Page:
Cassie Danvers is drowning in depression. She’s living in an old Victorian, once known as Two Oaks that she inherited from her grandmother, June. The house is in disarray, but with the small monetary inheritance, it is not enough to repair the house. Cassie experiences very real-like dreams of her grandmother with her friend, Lindie, from 1955 when they were eighteen and fourteen years old. The ‘dream people’ she experiences, and there are far more than just two, seem to come to her when she is awake as well as asleep. As the two girls, June and Lindie, talk to each other in Cassie’s dream, Lindie is concerned about June’s choice for a husband. Lindie told her, “Artie Danvers is a nothing! He’s a straight line. He’s a cold bath.”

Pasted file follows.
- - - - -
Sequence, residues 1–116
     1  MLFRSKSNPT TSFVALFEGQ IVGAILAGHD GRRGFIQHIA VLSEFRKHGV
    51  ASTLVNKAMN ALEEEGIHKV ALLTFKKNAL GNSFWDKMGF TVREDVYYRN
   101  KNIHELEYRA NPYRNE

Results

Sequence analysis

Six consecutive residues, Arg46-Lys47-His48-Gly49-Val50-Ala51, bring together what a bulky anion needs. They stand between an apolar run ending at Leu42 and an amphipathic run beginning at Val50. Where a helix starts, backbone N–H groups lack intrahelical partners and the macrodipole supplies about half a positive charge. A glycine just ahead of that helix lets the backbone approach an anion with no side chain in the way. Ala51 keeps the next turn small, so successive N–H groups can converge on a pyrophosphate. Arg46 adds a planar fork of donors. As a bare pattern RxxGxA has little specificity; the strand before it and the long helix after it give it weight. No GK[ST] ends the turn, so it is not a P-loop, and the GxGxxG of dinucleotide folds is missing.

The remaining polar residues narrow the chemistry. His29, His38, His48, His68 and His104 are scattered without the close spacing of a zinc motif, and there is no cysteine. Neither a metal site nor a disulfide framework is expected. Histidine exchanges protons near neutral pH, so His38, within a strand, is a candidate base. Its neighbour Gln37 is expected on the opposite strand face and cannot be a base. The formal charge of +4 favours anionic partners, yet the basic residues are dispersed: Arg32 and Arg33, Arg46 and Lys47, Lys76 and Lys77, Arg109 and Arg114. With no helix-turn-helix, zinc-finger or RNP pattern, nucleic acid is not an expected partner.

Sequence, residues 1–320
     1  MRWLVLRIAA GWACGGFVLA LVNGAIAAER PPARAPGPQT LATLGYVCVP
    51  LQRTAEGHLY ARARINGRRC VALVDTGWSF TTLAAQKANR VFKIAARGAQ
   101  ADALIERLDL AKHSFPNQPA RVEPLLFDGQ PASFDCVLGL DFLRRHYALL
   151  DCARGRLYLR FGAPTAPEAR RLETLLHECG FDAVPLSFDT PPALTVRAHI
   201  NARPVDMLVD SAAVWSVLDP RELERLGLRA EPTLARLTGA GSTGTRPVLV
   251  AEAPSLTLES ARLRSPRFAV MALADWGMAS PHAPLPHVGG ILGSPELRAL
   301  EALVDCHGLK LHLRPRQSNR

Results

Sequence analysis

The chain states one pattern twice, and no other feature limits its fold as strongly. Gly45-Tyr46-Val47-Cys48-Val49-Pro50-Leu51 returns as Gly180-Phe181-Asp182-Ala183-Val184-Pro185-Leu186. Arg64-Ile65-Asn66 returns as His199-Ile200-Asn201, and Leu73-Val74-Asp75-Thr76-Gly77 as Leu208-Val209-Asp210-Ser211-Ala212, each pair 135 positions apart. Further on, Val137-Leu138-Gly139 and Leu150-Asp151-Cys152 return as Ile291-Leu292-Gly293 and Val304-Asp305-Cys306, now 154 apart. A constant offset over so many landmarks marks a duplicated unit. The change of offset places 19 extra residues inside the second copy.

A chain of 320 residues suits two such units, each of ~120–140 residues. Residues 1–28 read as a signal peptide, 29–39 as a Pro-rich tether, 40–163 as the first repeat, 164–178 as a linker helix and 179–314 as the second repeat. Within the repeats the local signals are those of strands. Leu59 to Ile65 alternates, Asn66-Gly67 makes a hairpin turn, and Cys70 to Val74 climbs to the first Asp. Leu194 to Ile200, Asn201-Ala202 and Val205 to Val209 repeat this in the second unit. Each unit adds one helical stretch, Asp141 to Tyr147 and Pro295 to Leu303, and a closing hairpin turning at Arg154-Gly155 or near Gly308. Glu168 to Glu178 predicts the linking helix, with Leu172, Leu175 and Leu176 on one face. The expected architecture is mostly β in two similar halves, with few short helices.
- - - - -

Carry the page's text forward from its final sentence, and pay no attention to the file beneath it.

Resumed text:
They’re also talking, as many young girls do, of actors and actresses. Jack Montgomery, they heart-throb of the day, was coming to their small town of St. Jude, Ohio, to make a movie. Extras were needed and both June and Lindie were planning to be there. Returning to present day, Nick Emmons finally managed to get Cassie to answer the door. His message is welcome although very confusing. Jack Montgomery died three days prior. He left $37 million to Cassie. This doesn’t sit too well with Jack’s daughters.
The story is two-fold, present (2015) as well as the 1950’s era, with all the pieces meticulously coming together. Illumination is provided for the past, primarily through Cassie’s dreams. This was creative and unique, but I found it to be a bit of an odd telling. I did like the way the story progressed between Cassie and Montgomery’s daughters, Tate and Elda. The character’s personalities were well-drawn. Miranda Beverly-Whitemore excels at raising the reader’s curiosity as she carefully lays the details out piece by piece. Rating: 3.5 out of 5.